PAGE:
You can also plan to visualize the audience in their underwear if you want. But in that case, please don’t ask me to be in the audience.

***
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Friday, July 17, 2009

Humor Me: Sleeping on the job

By MATT WIXON

As your body calls out for its afternoon caffeine fix, the boss calls for a meeting. Moments later, you and your colleagues are in the conference room, daydreaming about 5 p.m. as the boss talks about the company’s new policy on Post-it notes.

Or maybe he’s talking about plans to stripe the parking lot with yellow paint instead of white. Or announcing that, after a six-month study, management has decided to change a comma to a semicolon in the company’s mission statement.

Whatever the topic, it’s one of those essential meetings. And that’s when it hits you. An elephant has landed on your eyelids and you are being pulled into the Darth Vader-like grip of sleep -– and perhaps unemployment, if the boss sees you.

You try to resist the dark side, staring hard at the boss and focusing on every word:

And furthermore, we feel we can improve our performance vector and overall synergy with the use of Helvetica 10-point bold in ALL office memos ...

You fight it, but it’s soooo difficult to keep your eyes open. You start to regret your decision to stay late at the karaoke bar to perfect the high notes on "Dream Weaver." But maybe this drowsiness isn’t your fault. Maybe it’s just the lulling hum of the fluorescent lights and the tick-tock lullaby from the clock above your head.

You open your eyes wide and blink hard. "This is ridiculous," you think to yourself. "I just need to keep my eyes open."

Sure, it sounds easy. But you’re in the gravitational pull of sweet sleep, the most powerful force in the world. That’s right: The most powerful force in the world.

Some people say it’s money that makes the world go around, and there certainly is truth to that. Lottos have a huge following, and studies have shown that the tilt of the Earth’s axis depends on the location of Donald Trump's ego.

Other people say sex is the world’s most powerful force, and yes, adult movies make a gazillion dollars a year. And of course there was Baywatch, the show lasted 12 years with about four recycled plots. Actually, Baywatch didn’t need storylines at all -- just a 60-minute loop of slow-motion beach running.

Very powerful. But the lure of the dark side, the force that can make a table in the conference room feel like a downy pillow, is much more powerful. The proof:

You’ve spent years putting in long hours to build your career. Going into work on weekends. Laughing at the boss’ bad jokes. Pretending you actually care about how he did on the back nine at his private golf club that defines you as “pond scum.”

It will all be for nothing if the boss sees your head flopping at the end of the table.

But the power of the dark side has taken over your brain. You think, maybe if I just close one eye, I’ll make it through this meeting. Maybe if I just turn my head a little toward the back wall, away from the boss, I could shut my eyes for a couple of seconds.

Just a couple of seconds, huh? Our brains are so naïve when sleep calls.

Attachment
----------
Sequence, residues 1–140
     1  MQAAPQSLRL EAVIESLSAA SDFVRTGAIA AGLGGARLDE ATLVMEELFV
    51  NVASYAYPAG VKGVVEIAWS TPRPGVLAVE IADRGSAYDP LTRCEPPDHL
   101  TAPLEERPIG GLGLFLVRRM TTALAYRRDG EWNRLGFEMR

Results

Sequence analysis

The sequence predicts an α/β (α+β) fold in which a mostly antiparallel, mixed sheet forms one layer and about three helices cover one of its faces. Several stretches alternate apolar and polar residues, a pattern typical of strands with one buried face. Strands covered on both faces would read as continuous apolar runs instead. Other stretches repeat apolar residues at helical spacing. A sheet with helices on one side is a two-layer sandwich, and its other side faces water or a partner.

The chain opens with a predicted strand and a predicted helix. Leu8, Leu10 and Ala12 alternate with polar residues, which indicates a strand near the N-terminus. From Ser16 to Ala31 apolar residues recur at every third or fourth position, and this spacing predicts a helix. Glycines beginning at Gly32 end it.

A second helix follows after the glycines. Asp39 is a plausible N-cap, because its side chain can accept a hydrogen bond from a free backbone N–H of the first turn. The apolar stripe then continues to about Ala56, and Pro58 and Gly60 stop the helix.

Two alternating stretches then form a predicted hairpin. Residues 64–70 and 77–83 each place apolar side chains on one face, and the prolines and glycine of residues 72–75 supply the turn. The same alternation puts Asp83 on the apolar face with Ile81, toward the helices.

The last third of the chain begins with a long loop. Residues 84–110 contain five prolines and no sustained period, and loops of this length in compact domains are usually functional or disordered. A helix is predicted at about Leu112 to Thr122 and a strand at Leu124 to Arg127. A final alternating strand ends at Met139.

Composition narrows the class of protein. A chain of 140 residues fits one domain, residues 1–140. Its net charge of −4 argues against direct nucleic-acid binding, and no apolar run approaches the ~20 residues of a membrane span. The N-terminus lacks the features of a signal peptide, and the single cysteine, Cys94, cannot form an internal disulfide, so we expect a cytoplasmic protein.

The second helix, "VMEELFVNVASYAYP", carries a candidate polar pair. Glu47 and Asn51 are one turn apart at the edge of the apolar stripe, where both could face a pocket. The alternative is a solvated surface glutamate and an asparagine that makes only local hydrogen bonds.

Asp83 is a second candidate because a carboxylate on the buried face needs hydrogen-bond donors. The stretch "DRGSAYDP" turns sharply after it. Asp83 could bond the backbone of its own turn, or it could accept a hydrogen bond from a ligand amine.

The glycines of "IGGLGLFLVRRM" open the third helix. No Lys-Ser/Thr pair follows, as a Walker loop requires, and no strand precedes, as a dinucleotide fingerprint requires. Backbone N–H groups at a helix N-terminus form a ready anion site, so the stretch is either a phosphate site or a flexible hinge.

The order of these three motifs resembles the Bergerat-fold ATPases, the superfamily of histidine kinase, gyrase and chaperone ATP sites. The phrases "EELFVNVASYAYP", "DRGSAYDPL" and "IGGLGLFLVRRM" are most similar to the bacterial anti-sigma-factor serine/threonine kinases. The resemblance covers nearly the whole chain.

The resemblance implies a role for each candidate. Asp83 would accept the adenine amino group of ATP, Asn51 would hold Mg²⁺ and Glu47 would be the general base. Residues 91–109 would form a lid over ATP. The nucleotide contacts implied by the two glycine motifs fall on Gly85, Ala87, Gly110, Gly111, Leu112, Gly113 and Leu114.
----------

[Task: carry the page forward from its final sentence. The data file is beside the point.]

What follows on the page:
Suddenly, the boss’ voice fades into a drone mumbling that sounds like the teacher talking to Charlie Brown: “wha wha wha, bla bla, blabla.” Your head tilts downward, sucked into the vortex of dreamland. Then, just as your face is about to hit the table in front of you, your head jerks back up and you think, "What the heck just happened?"

What happened was a very close call. You’re terrified it will happen again, but you can’t stop it. Your head gets heavy, you start falling forward, and ...

OH SWEET MERCY, it sounds like the boss is finally wrapping things up.

So in conclusion, please remember to only use the yellow highlighters with internal memos and reserve the pink highlighters for highlighting faxes. We’ll discuss it more tomorrow, when we have a meeting to discuss future meetings. Thanks everyone.

You return to your cubicle, filled with relief. But you’re also shaken by the experience -- shaken by the thought that, had the meeting lasted a few more minutes, you would’ve been drooling on the conference table.

So you decide to show your dedication, at least for the last three hours of the day. You will be productive. You will do some good ol’ fashioned hard work.

Good for you. And good luck with that, because the Dark Side will never stop pulling you in. Except at about 2 a.m. tomorrow morning, when you're lying awake in bed telling yourself you need to get some sleep so you won't be a walking zombie the next day.

In that case, drink a little warm milk while reading a stack of office memos. That should knock you out.

***
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Monday, June 29, 2009

Humor Me: Vacationing with the kids

By MATT WIXON

The check-in line at Great Wolf Lodge in Grapevine has a sign that says, “Start your adventure here.”

What kind of adventure?

Well, about 50 feet from the sign are two animatronic trees that will be harmonizing with a pretend raccoon before the day is done. It’s that kind of adventure.

It’s kind of like being immersed in a Disney movie about kids taking over a hotel and building an enormous water park inside. Unlike a movie, however, Great Wolf Lodge offers the added bonus of a chance to spend $25 on a magi wand or $50 on a stuffed animal with your child’s wish sealed inside.

Bring the whole family and your credit cards. It’s that kind of adventure.